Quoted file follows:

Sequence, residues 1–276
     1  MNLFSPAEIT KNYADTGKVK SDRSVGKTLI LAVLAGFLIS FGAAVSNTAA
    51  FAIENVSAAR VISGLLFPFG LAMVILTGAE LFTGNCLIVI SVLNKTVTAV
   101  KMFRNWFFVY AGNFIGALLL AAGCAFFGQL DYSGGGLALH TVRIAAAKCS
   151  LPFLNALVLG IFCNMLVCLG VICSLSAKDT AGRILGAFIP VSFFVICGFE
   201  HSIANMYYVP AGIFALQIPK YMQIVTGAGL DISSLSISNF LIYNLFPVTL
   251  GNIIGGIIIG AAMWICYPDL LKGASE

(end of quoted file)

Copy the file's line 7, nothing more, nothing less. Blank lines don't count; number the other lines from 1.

   251  GNIIGGIIIG AAMWICYPDL LKGASE